Friday, 4 May 2012

Telangana: Past, Present, Future

Part - 1

The International Encyclopedia of Social Sciences (1972) defines a social movement as a variety of collective attempts to bring about change. Social movements are one of the internal forces which contribute to changes in the society. Fate of these movements depends on a varied number of sociological factors. Not all social movements are able to accomplish their desideratum and are eventually suppressed. Only a few are able to sustain their prominence for years to follow. Telangana movement is an exemplar of one such movement. Telangana still remains an issue which hasn’t been able to reach the shores of an amicable solution. The issue still remains a major epicenter of producing flux in the political circles.

Let us now understand in retrospect the historical aspect to assimilate the underpinnings of this movement. Telangana movement refers to the Communists led peasant uprising between 1946 and 1951 in the Telangana region of the erstwhile princely state of Hyderabad. Erstwhile Hyderabad consisted of 16 districts out of which 8 were Telegu speaking known as Telangana Districts while the other 8 formed parts of Karnataka and Maharashtra. The state was ruled by a Muslim King, Osman Ali Khan or popularly known as Nizam of Hyderabad. 

At the beginning of the 20th century (1901) Muslims formed 10% of the population while 90% were Hindus. By 1946, the share of Muslim Populace had increased to 14% as a result of proselytization activities of an organization called Anjuman-e-Taligh-ul-Islam. This created a sense of resentment among the Hindus and Arya Samaj launched a parallel ‘Shudhi Movement’ which further caused polarization between Hindus and Muslims. 

The official language and the medium of interaction in the schools was Urdu which was resented by the Telegu speaking population. The police and civil administration was dominated by Muslims i.e. more than half of the functionaries were Muslims. Hindus felt cheated and demanded proportionate representation. Primarily, it was a backward state with more than 85% of the population engaged in agricultural activities.  The land of the agrarian state was unevenly distributed with 60% under Ryotwari System (where land revenue was directly imposed on the peasants) and remaining 40% under Nizam. The Ryotwari areas were dominated by big landlords called ‘Deshmukhs’ with many of them having thousands of acres of land.

From the year 1910 there emerged a trend of land alienation wherein small farmers lost their lands to big landlords who would forcefully grab the land from these peasants.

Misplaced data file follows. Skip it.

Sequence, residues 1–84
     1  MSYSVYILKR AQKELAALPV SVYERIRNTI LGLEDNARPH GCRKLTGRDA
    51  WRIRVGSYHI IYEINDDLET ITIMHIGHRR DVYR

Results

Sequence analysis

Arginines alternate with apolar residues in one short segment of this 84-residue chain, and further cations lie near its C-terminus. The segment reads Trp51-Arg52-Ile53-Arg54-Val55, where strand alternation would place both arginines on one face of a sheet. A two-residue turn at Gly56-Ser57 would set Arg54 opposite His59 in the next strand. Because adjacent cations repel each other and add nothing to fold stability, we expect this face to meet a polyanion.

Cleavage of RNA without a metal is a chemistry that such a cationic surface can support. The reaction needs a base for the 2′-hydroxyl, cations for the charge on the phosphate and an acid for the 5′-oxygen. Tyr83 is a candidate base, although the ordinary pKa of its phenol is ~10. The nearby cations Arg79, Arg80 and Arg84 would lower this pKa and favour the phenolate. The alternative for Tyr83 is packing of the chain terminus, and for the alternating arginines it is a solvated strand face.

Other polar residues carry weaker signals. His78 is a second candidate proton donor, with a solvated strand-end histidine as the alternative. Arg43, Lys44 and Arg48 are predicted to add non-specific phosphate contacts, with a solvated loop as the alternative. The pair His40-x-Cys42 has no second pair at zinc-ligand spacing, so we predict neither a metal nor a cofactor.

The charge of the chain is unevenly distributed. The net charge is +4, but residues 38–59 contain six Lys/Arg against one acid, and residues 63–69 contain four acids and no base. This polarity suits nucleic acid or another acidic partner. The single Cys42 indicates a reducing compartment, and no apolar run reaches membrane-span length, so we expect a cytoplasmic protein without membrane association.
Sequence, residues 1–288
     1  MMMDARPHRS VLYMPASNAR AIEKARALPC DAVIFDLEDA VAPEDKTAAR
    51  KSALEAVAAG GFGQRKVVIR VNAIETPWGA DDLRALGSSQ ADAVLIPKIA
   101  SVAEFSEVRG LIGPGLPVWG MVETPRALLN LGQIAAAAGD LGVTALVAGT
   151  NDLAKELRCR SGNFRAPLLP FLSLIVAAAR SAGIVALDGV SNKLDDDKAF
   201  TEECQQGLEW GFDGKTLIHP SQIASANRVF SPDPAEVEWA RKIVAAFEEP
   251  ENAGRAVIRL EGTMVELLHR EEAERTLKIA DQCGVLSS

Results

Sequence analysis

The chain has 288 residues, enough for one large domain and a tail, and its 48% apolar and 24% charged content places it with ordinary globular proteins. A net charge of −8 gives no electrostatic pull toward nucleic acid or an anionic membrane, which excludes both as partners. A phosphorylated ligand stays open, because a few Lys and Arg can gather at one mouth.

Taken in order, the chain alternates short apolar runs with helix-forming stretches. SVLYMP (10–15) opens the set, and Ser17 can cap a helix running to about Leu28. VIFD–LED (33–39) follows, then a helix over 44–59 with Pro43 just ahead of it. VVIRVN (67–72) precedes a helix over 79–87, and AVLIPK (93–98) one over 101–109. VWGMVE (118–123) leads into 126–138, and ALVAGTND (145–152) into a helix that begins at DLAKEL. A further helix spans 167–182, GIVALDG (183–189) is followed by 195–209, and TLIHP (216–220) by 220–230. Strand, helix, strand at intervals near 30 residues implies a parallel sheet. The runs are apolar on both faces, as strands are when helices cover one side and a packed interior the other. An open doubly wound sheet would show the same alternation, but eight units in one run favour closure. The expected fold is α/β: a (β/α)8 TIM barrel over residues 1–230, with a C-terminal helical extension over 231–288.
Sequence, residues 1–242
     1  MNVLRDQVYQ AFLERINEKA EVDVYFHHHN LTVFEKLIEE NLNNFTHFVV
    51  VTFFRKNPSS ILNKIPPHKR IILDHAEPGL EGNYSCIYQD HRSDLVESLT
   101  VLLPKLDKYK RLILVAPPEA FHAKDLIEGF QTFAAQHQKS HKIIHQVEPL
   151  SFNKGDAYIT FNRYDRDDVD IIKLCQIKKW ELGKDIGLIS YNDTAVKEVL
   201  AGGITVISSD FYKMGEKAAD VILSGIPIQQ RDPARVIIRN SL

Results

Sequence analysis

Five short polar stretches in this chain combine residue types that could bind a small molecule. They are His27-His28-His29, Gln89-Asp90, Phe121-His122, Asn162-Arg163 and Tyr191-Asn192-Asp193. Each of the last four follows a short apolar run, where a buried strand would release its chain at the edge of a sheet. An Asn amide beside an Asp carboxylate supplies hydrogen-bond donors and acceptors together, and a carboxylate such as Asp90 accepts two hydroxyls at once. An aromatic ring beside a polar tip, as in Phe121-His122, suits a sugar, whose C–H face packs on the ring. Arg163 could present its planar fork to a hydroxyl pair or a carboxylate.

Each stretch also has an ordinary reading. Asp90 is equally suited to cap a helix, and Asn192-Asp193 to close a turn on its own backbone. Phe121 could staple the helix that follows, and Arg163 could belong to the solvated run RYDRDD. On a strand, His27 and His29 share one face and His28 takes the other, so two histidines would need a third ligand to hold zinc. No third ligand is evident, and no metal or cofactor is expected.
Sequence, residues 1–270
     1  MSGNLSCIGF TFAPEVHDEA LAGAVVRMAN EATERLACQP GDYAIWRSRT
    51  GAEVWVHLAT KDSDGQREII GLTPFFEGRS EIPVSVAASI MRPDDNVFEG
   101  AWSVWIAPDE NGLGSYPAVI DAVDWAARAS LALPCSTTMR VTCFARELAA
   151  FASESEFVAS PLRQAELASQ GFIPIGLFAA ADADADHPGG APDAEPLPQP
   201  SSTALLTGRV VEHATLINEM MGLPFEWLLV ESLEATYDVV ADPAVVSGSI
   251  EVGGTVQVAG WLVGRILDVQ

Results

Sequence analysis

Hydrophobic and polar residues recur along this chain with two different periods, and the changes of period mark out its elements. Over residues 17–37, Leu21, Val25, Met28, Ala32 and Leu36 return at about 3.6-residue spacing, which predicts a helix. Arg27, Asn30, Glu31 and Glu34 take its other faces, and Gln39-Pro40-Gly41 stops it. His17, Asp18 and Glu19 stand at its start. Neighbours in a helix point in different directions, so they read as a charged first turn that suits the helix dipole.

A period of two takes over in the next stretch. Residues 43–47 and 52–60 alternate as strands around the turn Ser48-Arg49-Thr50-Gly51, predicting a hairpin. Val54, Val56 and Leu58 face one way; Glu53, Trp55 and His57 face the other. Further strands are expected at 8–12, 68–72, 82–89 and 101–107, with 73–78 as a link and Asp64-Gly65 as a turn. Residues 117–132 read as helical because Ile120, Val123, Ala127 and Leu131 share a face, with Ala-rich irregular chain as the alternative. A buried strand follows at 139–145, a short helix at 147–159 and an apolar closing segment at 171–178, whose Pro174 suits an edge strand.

Moreover, the highly repressive characteristic of Nizam’s rule didn’t allow political activity in the state. This is evident from the fact that freedom movement at that time was running in full course in the country except in Hyderabad.  

The Turning Point:

In 1921, an official Social conference was held in Hyderabad. A delegate from Telangana region wanted to deliver his speech in Telegu but wasn’t allowed to do so. This offended Telangana community who are known to maintain strong sentiments for their language. There was a call for a mass protest.  An organization called ‘Andhra Jan Sangham’ was created with an agenda to propagate their state language, Telugu. Various activities were undertaken by this organization to promote Telugu like honoring Telugu Pundits, commencement of journals and weeklies in Telugu language. Soon enough these Telugu weeklies and journals became agents of Social Reforms as they talked about social issues like abolition of child marriage, untouchability and other social injustices.

Later in 1930, the above mentioned ‘Andhra Jan Sangham’ was replaced by ‘Andhra Maha Sabha’ which was explicitly reformist in nature and lead by Hanumamanta  Rao. They took up the cause of social reforms in the state and made political demands for representative and responsible government. The initial response of Nizam was positive towards this organization. Since Nizam’s rule directly acquired support from big landlords the reforms were not largely supported. But Nizam soon turned hostile as soon as the organization demanded political reforms. He felt Andhra Maha Sabha was a direct threat to his rule. An organization called Majlis-e-Itthehad-ul-Muslimeen (Majlis) was created by Nizam’s supporters at the behest of Nizam to protect his rule. Majlis started a movement where the students in schools and colleges would have to join prayers for the eternal rule of Nizam. Andhra Maha Sabha retaliated with ‘Vande Mataram Movement’ (1931-38). This was also the phase when the politicization of the movement began. Andhra Maha Sabha accumulated a large support in the form of educated youth. It included the firebrand leader ‘Ravi Narayan Reddy’. 

Ravi Narayan Reddy came under Marxist influence after he joined Andhra Maha Sabha. By this time, wind of radicalization had started to blow within Andhra Maha Sabha. Ravi Narayan Reddy demanded politicization of masses and moved resolutions against rich landlords in favor of small peasants. These demands went against rich landlords. The younger elements were in support of RNR as he talked about land reforms like land for tiller, wages for landless laborers to be raised etc. However land owning members of Andhra Maha Sabha who had a moderate approach distanced them from RNR a far as redistribution of land was concerned.  This rift led to an internal division within the organization.